And then the next journalist I met, she was 30, and she was like, “This is me. This is my film. This is about me.” And it was completely different. And then the next one was a guy, 20 or something, and he was like, “This is me. This is me. Julie is me.”

So I feel like everyone I’ve met has a different angle. It hits them differently. It’s just the biggest compliment also, because we felt that the script and the production, when we were in it, we felt we made something important for us, but we felt like it was almost so personal for everyone on set.

We were such a collective, everyone had their favourite moment and their favourite scene, but we felt like, “Are we just making this for us?” Then when we released it, it just exploded, and so many people connected to it. And really, people were running after us in the street in Cannes because they had such a big experience with the movie. So it’s been fantastic.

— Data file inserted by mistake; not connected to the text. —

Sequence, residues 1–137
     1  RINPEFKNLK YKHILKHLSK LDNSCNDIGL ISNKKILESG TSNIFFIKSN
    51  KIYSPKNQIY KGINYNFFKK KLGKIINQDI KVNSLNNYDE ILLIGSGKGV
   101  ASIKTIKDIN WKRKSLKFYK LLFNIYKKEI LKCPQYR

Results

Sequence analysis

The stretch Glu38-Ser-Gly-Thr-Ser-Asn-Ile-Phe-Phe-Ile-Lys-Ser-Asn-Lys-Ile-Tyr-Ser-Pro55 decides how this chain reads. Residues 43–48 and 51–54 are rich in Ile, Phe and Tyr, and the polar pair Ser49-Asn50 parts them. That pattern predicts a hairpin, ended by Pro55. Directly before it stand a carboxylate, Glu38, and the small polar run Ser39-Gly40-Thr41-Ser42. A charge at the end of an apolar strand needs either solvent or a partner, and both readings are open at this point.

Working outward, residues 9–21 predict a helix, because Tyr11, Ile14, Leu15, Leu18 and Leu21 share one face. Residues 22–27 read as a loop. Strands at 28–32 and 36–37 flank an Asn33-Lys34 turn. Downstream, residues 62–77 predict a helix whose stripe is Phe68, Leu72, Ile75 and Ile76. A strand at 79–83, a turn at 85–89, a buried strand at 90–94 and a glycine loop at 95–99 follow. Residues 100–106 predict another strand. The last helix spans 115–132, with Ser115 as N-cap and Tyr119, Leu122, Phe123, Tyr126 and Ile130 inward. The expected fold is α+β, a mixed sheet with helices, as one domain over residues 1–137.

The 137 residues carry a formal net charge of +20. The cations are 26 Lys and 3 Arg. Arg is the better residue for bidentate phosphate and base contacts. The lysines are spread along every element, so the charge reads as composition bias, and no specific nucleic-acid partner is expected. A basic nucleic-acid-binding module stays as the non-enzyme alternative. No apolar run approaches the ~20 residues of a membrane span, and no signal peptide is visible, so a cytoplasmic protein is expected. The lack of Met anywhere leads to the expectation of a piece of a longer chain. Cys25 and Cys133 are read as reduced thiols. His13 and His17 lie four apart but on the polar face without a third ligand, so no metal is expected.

mc: It’s such a special film, because it does feel like a time capsule, almost, in that it touches on very topical themes, the decision to have children amid climate change, etc. But it’s also, at the root, quite timeless. Speaking of Julie, I mean, and people obviously resonating with her so deeply, Joachim wrote the film around you and went into it writing that character for you. When you read the script, did you recognize her immediately?

Reinsve: Oh yeah, absolutely. I was very nervous. So, there was a lot of tension already, because he told me he wrote this for me and also, it’s two men writing a female character. I was very nervous, actually. Joachim was also very nervous and very humble about doing the same thing. So we were both nervous. But I think I cried three times before page seven because it just…When I read the script, it was her getting really sad about not being able to be there for her boyfriend when he gives out the comic book, and feeling really sad for where she was in life.

And what she does to get away from her own emotion is sneak into a wedding and just flirt with another guy. And it was so destructive, so self-destructive and so much fun. And I was like, “Okay, I love this girl.”

I could see that it was drama and it was levity and fun, and it went so many places and every scene was so rich. I couldn’t really figure out exactly who she was because she was so complex.